The Refocus on Strengthening Global Routine Immunization: #WorldImmunizationWeek

This year, we are focusing on the recovery and strengthening of routine immunization to protect children and adolescents from preventable diseases.

“Catching-Up” and Building Stronger Immunization Programs

For more than 200 years, families and communities have entrusted vaccines to protect their loved ones. Vaccination helps children around the world lead healthy lives, but declining coverage since the COVID-19 pandemic is leaving millions of people at risk of preventable diseases.

In 2021, 18 million children did not receive any dose of even the most basic childhood vaccines. This World Immunization Week’s theme, “The Big Catch-Up” focuses on making up progress lost since the pandemic to ensure no child misses life-saving vaccines. This year, we recommit to both strengthening the foundations of strong routine immunization programs and leveraging new approaches to overcome persistent challenges.

Taking Stock: Learning From the COVID-19 Pandemic

Since its emergence, we have been at the forefront of the global COVID-19 response, including vaccine introduction. We are supporting countries in Africa, the Caribbean, and Southeast Asia to ensure smooth introductions, effective supply chain systems, trained providers delivering services at facilities and in communities, and targeted communications to build vaccine confidence and acceptance. JSI leverages lessons, innovations, and energy from the COVID-19 efforts to renew and continue focus on building stronger health systems, including for immunization.

Women Delivering COVID-19 Vaccines in India’s Most Remote and Crowded Communities

Vaccine hesitancy and limited service access are two of the main barriers to vaccinating marginalized and vulnerable populations in India against COVID-19. The MOMENTUM Routine Immunization Transformation and Equity project works with local organizations to help national and state governments reach these communities. Auxiliary nurses and midwives in Punjab and Nagaland helped the project administer over 1.5 million doses by dispelling myths and administering the vaccine in their respective states.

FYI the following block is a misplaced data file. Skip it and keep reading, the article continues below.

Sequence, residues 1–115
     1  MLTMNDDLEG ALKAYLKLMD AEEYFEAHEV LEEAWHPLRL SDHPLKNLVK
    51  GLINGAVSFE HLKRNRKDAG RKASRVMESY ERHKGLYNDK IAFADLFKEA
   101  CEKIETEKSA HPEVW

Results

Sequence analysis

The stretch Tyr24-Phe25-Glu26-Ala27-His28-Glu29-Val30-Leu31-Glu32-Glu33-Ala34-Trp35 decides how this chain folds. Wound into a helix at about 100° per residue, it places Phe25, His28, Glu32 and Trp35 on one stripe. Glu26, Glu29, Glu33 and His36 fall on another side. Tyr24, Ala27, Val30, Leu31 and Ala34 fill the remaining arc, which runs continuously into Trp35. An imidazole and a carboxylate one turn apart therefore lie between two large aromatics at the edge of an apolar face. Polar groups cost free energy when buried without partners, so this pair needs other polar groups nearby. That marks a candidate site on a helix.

Creating New Norms in Ghana with Human-Centered Design

As countries including Ghana continue to examine if and how to integrate COVID-19 vaccination into their routine immunization systems, they will need to establish norms for identifying and reaching target populations. Whether for routine immunization or COVID-19 vaccination, including community members in planning processes to understand their concerns and meet their needs is critical to the design of more effective programming.

How the COVID-19 Response is Strengthening the Cold Chain in Niger

As more vaccines become available, there is an increased need for close monitoring and a maintenance system to ensure that cold chain equipment is available and functioning properly. This case study illustrates how the MOMENTUM Routine Immunization Transformation and Equity project is supporting Niger in strengthening the cold chain for the COVID-19 vaccine and long-term immunization support.

Changing COVID-19 Perceptions in Ethiopia through a Women-led Organization

At the onset of the COVID-19 pandemic, reaching key groups in Ethiopia, in which 80 percent of the population resides in peri-rural areas, was difficult and worsened by ongoing conflict in the north. Through our Last 10 Kilometers project, we partnered with the Network of Ethiopian Women Association to strengthen risk communication and community engagement to thwart the spread of COVID-19.

Participants at an SBCC consultation meeting.

Vaccinating People in Remote Communities in Ghana against COVID-19